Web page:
Prime Minister Scott Morrison has again refused to commit to a target of net zero emissions by 2050, after an international “code red” warning on climate change was issued by global leaders.
- Scientists warn catastrophic warming is set to occur this decade
- The Prime Minister says the government will continue to use technology to address the issue, not a carbon tax
- He has refused to commit to a legislated net zero emissions target
“I won’t be signing a blank cheque on behalf of Australians to targets without plans,” Mr Morrison said.
“Blank cheque commitments you always end up paying for, and you always end up paying in higher taxes.”
The United Nations’ Intergovernmental Panel on Climate Change (IPCC) has warned the Earth will warm by more than 1.5 degrees Celsius within the decade, causing rising sea levels and more frequent and devastating natural disasters, unless drastic action is taken to reduce carbon dioxide emissions.
UK Prime Minister Boris Johnson has called the warning a “wake-up call” for world leaders to act.
But climate policy has become highly politicised in Australia and the Prime Minister’s biggest obstacle to adopting a net zero target is the junior Coalition partner, the Nationals.
Within the Liberal Party though, there is a growing number of MPs speaking out in favour of a 2050 target, including West Australian Liberal Celia Hammond.
When asked if Mr Morrison would ultimately adopt the target, she said: “I, of course, think that we will, I do, yes,”.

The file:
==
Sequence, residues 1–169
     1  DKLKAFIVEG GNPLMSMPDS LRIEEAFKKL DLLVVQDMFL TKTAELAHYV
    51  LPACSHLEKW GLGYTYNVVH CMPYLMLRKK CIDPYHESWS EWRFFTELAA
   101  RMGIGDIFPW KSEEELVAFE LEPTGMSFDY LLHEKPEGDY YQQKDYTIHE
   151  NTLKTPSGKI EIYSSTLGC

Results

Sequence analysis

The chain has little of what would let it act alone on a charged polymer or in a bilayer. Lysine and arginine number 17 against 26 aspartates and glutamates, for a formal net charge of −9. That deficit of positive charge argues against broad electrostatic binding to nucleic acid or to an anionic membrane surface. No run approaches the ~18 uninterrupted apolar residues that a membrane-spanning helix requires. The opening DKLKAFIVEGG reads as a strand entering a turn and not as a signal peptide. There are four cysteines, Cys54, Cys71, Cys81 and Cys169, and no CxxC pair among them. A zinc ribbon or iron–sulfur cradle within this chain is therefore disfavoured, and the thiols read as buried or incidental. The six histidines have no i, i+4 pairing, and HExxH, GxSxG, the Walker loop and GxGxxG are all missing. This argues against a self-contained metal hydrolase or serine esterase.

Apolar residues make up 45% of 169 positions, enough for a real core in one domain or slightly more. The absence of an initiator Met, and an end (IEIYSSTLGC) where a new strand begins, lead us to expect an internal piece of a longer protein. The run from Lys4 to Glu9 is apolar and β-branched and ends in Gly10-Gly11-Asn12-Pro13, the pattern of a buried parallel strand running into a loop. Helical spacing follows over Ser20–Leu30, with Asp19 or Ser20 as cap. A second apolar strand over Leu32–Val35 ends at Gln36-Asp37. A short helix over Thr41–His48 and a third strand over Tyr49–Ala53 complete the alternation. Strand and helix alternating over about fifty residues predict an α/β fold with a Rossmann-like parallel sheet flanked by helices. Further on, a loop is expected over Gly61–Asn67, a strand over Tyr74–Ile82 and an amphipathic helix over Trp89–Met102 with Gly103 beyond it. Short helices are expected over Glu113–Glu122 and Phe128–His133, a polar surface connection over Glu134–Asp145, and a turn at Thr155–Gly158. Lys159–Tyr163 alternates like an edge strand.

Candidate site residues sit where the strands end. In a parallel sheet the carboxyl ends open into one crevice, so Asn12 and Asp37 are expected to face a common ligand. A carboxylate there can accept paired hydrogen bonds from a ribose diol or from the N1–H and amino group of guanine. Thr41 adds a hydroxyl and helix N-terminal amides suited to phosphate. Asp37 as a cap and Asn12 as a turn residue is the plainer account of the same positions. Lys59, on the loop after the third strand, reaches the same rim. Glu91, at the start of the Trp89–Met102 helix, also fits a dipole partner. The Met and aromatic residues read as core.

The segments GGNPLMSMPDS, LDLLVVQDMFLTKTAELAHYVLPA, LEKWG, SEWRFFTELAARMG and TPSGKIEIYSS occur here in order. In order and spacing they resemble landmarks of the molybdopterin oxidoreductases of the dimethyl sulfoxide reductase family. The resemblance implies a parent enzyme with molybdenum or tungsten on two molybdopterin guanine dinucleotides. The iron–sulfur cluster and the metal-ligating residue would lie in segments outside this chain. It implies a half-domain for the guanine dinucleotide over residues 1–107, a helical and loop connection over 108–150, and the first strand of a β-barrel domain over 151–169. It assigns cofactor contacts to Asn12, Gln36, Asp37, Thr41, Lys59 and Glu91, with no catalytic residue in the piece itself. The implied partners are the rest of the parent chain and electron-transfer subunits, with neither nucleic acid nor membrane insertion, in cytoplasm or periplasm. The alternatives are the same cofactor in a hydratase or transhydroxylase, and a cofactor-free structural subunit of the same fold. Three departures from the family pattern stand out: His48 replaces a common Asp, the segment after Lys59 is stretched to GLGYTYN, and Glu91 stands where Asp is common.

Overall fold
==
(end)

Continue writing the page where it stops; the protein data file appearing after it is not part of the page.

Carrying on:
“It makes economic sense. It makes environmental sense,” she told the ABC.
“And I think people also want to move on from the days of the climate wars.”
Instead, the Prime Minister has previously said Australia will “preferably” reach that target by 2050.
Mr Morrison said Australia’s response would be led by technological change.
“World history teaches one thing: technology changes everything,” Mr Morrison said.
“That is why our approach is technology and not taxes to solving this problem.”
The government has previously said it will invest in hydrogen technology and “carbon capture” technologies as part of its efforts to reduce Australia’s emissions.
Technology to remove carbon dioxide from the atmosphere has not yet been proven to work at scale.
Mr Morrison said he would provide an update on what the government expected to achieve in emissions reductions by 2030 ahead of a major international climate conference in Glasgow, Scotland later this year.
Speaking on Sky News, Labor deputy leader Richard Marles said the government needed to commit to a net zero by 2050 target.
“It’s really important that this government actually resolves its internal issues and starts acting with intent in relation to action on climate change,” Mr Marles said.
“To have the government party room full of a whole lot of people who are essentially denying the science of climate change in 2021, is genuinely unbelievable.”
Climate protester ‘foolishness’ condemned by PM
Mr Morrison also took aim at climate protesters who vandalised Parliament House earlier today.
“I don’t associate in any way shape or form that foolishness with the good-hearted nature of Australians who care deeply about this issue, as I do,” he said.
“Action will be taken against those who have committed those offences in our capital today, as they should, and I think Australians — regardless of their position on this issue — would agree with that.”
Eight protesters were arrested at Parliament House and the Lodge this morning for property damage and other offences.
Police said at both locations protesters had sprayed graffiti onto walls and that people had glued themselves to the forecourt at Parliament House.